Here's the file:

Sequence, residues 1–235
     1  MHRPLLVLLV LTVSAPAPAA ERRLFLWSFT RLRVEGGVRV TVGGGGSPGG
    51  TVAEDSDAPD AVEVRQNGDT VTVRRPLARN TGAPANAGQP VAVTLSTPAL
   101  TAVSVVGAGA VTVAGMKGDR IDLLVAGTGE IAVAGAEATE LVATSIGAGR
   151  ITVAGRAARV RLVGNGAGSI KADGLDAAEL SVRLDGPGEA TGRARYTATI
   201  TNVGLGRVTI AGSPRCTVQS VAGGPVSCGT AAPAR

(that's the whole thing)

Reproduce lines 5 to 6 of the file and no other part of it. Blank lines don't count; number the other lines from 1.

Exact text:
   151  ITVAGRAARV RLVGNGAGSI KADGLDAAEL SVRLDGPGEA TGRARYTATI
   201  TNVGLGRVTI AGSPRCTVQS VAGGPVSCGT AAPAR